In 1959, I auditioned for WCAU TV in Philadelphia, and soon after, I was on Saturday morning TV with a worm named Willie in a general store left over from a TV special. I believe that was in September, and by November, I was waving from my own float in the Gimbels Thanksgiving parade. Luckily, I was featured on the network portion, and my family in Cleveland, Ohio, saw me at holiday time.

Pixanne joined me several years later. I’m sure she remembers how cold it was even though she wore long underwear under her green pixie outfit. Often we’d invite fans to ride on the float with us. They’d be wearing their Sunday best. One girl I remember told me her mother had bought her a white rabbit fur coat to wear in the parade. “Don’t let anything happen to that coat,” her mother called out as our float took off. When we came to the spot where the network covered our float, on cue, I threw a handful of brightly colored confetti. It was raining, and the wind blew it right back in my face. As the camera cut to a close-up, I looked like a clown in shock. But worse, the little girl’s white rabbit fur coat was soaking wet, and as the confetti slid down, it became streaked with the colors of the rainbow. The girl thought it looked great, but I’m not sure if her mother felt the same way. Pixanne and I rode a float for twenty-some years, I believe.

When my favorite niece, Sheri, moved to Manhattan and asked me to help furnish her apartment, we went to Gimbels on Thirty-third and Broadway. It was about to close and was having a liquidation sale. Everything was marked down to disposal prices. Sheri, her mother, Ina, and I bought fabulous things—her bed, the kitchen table and chairs, a huge mirror, bureaus, a sofa, lamps, end tables, a large living room rug and a large decorated plaster head of an antelope. In a corner was a huge armoire with two doors, and it was covered in ugly wallpaper. But hidden underneath was a beautiful French breakfront. We bought everything she needed for less than $200, and Gimbels delivered it the next day!

Thank you, Gimbels, for making me a super hero on Thanksgiving Day and giving us such beautiful furniture for peanuts at your going-out-of-business sale.

And that’s why I’ll never forget Gimbels.

Gene London

Host of the Philadelphia children’s show
Cartoon Corners
,

also known as
The Gene London Show

A
CKNOWLEDGEMENTS

I would like to thank the following people who helped me learn why “Nobody, but nobody undersells Gimbels”: David Sullivan, for his eloquent and humbling foreword; Gene London, for introductory words from a Philadelphia legend; Barbara Pizer, for helping me realize that the story of Gimbels needed to be documented; and Steve Daily and the staff of the Milwaukee County Historical Society, for meticulously caring for the country’s only remaining archive on Gimbels.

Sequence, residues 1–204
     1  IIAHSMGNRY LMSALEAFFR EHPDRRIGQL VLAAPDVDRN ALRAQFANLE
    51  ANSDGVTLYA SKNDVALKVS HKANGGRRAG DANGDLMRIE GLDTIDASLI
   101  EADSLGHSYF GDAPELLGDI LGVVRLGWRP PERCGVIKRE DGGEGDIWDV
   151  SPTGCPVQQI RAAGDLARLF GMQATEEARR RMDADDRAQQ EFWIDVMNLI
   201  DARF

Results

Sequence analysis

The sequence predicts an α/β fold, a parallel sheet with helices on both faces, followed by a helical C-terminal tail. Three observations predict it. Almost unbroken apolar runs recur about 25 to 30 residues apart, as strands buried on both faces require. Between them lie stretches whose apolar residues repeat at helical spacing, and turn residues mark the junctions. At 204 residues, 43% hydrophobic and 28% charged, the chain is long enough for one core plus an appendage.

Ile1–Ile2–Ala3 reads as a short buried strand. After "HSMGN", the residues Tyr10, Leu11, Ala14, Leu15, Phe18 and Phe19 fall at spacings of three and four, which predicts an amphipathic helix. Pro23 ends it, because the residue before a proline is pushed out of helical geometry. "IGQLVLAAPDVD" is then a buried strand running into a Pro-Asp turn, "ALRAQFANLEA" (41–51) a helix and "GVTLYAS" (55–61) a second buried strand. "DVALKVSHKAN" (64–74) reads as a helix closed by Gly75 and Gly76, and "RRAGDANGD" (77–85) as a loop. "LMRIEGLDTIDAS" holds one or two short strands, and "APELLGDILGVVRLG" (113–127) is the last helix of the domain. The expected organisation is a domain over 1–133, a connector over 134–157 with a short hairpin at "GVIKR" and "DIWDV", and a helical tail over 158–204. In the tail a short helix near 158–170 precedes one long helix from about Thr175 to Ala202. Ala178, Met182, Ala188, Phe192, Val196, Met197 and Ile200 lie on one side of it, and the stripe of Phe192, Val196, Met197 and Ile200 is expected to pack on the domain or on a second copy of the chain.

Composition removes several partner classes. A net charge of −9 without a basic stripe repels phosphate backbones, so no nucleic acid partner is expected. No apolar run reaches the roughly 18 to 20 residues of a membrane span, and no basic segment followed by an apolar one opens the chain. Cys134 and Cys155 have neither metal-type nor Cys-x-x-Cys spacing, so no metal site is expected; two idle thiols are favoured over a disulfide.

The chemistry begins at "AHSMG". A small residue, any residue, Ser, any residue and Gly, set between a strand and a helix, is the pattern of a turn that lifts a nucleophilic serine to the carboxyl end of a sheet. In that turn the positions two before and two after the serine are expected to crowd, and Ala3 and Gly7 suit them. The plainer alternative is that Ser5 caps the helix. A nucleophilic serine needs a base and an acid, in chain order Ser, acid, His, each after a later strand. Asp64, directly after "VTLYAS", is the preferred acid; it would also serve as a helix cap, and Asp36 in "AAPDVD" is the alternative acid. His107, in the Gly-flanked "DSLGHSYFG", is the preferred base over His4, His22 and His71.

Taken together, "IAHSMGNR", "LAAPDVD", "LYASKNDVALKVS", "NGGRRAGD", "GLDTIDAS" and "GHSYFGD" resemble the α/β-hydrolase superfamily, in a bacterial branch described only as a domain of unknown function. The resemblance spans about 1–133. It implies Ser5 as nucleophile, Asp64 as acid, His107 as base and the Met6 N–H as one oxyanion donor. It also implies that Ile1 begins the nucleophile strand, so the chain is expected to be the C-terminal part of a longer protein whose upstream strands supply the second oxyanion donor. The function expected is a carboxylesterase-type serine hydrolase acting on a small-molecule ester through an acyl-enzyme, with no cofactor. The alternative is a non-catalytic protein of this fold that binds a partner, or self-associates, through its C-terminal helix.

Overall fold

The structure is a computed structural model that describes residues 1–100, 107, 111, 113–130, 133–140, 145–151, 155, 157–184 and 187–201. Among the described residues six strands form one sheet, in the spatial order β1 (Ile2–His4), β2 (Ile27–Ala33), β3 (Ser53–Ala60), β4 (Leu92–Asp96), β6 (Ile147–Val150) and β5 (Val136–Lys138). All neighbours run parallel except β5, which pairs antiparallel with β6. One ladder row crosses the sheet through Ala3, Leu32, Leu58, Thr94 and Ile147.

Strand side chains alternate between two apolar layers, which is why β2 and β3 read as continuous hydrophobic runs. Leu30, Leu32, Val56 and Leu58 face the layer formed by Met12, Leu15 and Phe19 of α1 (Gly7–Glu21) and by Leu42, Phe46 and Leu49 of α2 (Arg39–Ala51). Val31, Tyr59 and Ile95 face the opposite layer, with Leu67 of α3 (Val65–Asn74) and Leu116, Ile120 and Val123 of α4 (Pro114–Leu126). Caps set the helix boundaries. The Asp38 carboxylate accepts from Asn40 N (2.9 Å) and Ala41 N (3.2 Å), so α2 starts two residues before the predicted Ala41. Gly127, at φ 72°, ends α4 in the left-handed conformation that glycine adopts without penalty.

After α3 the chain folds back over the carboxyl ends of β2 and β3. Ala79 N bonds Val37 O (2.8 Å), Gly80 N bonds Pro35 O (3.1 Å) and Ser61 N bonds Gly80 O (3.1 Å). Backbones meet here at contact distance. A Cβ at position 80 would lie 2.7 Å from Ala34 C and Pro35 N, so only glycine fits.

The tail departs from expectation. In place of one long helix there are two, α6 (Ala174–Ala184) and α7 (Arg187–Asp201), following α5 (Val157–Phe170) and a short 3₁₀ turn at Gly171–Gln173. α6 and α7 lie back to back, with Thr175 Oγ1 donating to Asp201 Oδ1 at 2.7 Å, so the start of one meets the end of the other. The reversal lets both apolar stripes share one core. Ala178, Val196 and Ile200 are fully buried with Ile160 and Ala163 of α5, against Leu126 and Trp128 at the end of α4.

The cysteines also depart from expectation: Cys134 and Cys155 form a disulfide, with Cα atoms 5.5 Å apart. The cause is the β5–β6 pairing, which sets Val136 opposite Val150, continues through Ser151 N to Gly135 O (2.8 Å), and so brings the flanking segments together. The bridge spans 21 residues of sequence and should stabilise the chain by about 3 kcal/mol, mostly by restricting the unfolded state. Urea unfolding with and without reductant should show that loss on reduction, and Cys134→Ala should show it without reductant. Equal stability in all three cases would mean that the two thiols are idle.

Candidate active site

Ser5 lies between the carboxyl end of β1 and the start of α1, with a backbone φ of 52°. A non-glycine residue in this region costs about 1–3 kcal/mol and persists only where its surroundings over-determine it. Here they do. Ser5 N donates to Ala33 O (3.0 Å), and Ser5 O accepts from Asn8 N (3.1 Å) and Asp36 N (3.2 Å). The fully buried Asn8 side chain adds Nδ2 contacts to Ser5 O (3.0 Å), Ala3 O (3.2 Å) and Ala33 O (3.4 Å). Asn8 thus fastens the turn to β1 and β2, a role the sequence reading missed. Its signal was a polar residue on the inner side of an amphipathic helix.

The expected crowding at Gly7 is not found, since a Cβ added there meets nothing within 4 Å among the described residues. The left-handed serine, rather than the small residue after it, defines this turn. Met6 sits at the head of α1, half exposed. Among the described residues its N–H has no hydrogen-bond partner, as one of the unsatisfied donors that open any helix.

Gimbels belonged to four different cities, and I would like to thank the following people from each of those respective cities: N
EW
Y
ORK
—Barbara Gimbel; Leslie Gimbel; former mayor Ed Koch; Maureen O’Hara; Liz Smith; Julia Bentley of Saks Fifth Avenue; Cary Silverstein; Peter D’Ambrosio; Sarah Barmash; and the staff of the New-York Historical Society; P
HILADELPHIA
—Dick Clark; Jane Norman; Stanley Abelson; Gerry Wilkinson; Diane Curley Balenti; Roseann Rubinstein; Bob Di Benedetto; John Caccese; Joel Spivak; Mercia Grassi; Mayor Michael Nutter, Jordan Schwartz and the office of the mayor of the city of Philadelphia; and the staff at the Temple University Urban Archives, Free Library of Philadelphia, Historical Society of Pennsylvania and the Hagley Museum; P
ITTSBURGH
—former mayor Sophie Masloff; Barbara Cloud; Audrey Roth; Kay Cushing Neuhausen; Denise Ayoob; Eric Salmons; the office of Mayor Luke Ravenstahl; and the staff at the Heinz History Center and the Carnegie Library of Pittsburgh; M
ILWAUKEE
—Bud Selig, Gus Gnorski, Mayor Tom Barrett and Alexis Peterson; Barbara Markoff; Michael Hammack; Jim McCormack; and the staff at the Milwaukee Public Library and the Milwaukee Journal Sentinel. A special thank-you goes to Richard Day in Vincennes, Indiana, and Mark Gimbel in Boothbay Harbor, Maine.